There’s a history/Lit/Bible class also offered.  It would be worth 3 high school credits, which Sweet Pea needs to have.  She wants to go to MSU and go through their Veterinary Medicine program and, well.. be a vet.  She loves animals, but thinks she wants to take care of large ones– horses, hippos, elephants, giraffe.  I think she’d cry just as much as any family to have to put a sick or injured animal down.

Sonny Boy has been tolerant of his parents of late.  He’s convinced we’ve screwed up his life, which isn’t entirely true.  We (read: I, me) have made some mistrakes with parenting and schooling decisions, and they can’t be undone.  I need to sit with him, have a long talk and ask for his forgiveness.

I was trying to work hard at getting caught up on a lot of housework that’s been pushed aside for a very long time when I got that call. I decided to take a break, grab some lunch and write. Only I haven’t eaten yet.  I think I’m actually making progress– with the housework, but I’m not nearly done.  I’ve decided to save laundry folding for later tonight, after sunset, so I can do it and listen/watch some TV. I’ve got stacks of books that need to be sorted and re-organized into subjects.  That may be a good job for tomorrow, after my walk.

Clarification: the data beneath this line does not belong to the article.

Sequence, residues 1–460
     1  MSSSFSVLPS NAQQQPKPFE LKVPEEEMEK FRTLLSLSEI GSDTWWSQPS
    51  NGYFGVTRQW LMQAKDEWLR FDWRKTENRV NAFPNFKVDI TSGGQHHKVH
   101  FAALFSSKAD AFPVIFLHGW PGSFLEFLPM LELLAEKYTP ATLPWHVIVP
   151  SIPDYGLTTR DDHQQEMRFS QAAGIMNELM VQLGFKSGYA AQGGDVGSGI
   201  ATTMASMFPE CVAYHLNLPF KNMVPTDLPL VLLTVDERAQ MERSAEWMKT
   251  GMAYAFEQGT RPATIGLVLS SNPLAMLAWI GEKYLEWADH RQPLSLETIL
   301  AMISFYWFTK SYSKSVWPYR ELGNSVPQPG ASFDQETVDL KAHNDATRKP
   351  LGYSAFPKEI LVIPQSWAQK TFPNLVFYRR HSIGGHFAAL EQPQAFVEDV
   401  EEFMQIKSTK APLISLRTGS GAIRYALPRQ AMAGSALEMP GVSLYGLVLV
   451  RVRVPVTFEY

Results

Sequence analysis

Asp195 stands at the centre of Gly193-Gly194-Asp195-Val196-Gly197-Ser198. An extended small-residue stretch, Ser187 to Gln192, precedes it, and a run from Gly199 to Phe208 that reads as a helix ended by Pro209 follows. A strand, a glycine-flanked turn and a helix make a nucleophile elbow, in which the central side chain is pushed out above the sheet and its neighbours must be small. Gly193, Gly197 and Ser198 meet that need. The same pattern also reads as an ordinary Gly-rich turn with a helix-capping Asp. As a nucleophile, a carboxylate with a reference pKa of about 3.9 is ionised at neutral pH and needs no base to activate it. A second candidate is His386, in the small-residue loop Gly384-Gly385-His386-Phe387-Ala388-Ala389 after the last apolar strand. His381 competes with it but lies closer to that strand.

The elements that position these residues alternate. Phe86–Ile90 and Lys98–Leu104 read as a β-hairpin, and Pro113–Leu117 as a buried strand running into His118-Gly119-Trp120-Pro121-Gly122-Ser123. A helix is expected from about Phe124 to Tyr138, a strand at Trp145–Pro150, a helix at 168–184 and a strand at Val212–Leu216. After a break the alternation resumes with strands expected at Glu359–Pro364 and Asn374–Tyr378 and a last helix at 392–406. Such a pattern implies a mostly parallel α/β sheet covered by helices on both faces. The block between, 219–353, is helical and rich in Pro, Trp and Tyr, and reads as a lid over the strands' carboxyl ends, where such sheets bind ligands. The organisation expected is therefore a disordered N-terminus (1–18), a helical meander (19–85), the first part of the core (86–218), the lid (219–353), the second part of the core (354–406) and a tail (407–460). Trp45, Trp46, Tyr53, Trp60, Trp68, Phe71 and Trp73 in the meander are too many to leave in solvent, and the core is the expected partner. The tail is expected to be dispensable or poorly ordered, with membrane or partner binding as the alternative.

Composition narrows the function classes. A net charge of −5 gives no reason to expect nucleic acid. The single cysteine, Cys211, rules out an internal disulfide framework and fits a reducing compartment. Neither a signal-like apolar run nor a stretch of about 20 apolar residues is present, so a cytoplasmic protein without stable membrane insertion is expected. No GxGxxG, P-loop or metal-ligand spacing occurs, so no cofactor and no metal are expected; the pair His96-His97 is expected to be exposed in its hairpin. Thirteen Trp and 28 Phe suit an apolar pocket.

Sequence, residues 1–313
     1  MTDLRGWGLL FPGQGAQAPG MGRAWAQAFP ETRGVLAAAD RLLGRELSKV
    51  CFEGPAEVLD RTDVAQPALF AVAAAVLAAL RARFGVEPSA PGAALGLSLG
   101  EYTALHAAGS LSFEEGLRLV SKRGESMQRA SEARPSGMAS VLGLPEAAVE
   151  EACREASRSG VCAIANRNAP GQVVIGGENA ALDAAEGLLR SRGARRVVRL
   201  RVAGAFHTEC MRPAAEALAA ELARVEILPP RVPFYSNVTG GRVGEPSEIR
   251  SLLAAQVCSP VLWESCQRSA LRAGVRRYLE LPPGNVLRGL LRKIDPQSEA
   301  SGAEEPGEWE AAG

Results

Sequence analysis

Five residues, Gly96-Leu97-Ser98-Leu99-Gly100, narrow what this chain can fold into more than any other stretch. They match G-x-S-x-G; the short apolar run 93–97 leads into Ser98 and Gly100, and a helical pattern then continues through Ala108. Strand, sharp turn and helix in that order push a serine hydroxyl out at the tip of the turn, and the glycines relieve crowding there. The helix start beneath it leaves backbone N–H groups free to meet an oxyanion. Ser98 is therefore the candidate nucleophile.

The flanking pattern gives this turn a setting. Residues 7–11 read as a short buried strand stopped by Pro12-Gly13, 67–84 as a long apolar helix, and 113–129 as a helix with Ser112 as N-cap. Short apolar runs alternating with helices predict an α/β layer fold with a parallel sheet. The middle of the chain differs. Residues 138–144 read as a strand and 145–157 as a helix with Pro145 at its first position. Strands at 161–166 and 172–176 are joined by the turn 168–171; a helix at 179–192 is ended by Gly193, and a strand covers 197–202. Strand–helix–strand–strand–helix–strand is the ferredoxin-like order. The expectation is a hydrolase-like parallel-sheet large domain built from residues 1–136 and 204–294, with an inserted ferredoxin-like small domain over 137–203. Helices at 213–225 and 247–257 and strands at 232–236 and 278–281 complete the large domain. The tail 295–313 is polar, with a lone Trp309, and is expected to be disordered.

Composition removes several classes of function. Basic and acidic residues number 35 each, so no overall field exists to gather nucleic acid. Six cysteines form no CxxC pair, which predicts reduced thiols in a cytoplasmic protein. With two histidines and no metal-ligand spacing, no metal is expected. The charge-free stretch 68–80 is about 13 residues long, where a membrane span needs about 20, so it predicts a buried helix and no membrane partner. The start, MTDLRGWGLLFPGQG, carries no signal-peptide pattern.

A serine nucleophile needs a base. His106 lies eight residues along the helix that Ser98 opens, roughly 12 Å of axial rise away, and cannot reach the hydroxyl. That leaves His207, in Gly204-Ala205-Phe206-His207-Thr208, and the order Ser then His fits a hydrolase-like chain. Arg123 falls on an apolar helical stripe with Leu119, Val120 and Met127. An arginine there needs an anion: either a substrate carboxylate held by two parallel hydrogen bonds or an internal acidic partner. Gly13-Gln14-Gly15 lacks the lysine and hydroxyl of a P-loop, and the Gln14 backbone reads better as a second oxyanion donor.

Tomorrow is my next long (group) training day.  We have 14 miles on the agenda, but I may do 16.  Last week was supposed to be 16, but I didn’t see that until after I was home, showered and ready to devour a side of beef.  I wasn’t going to go back out to finish those last 2 miles.  I’ve realized the marathon is just 7 weeks away now! I have fundraising to do still– almost $1500. Any takers!?!  No? well, how about $30 or $50? As much as I’d love for an anonymous stranger to just 15 Benjamin’s into my lap, I know that’s not realistic– well, as realistic as winning tonight’s Mega Millions $134 Million jackpot.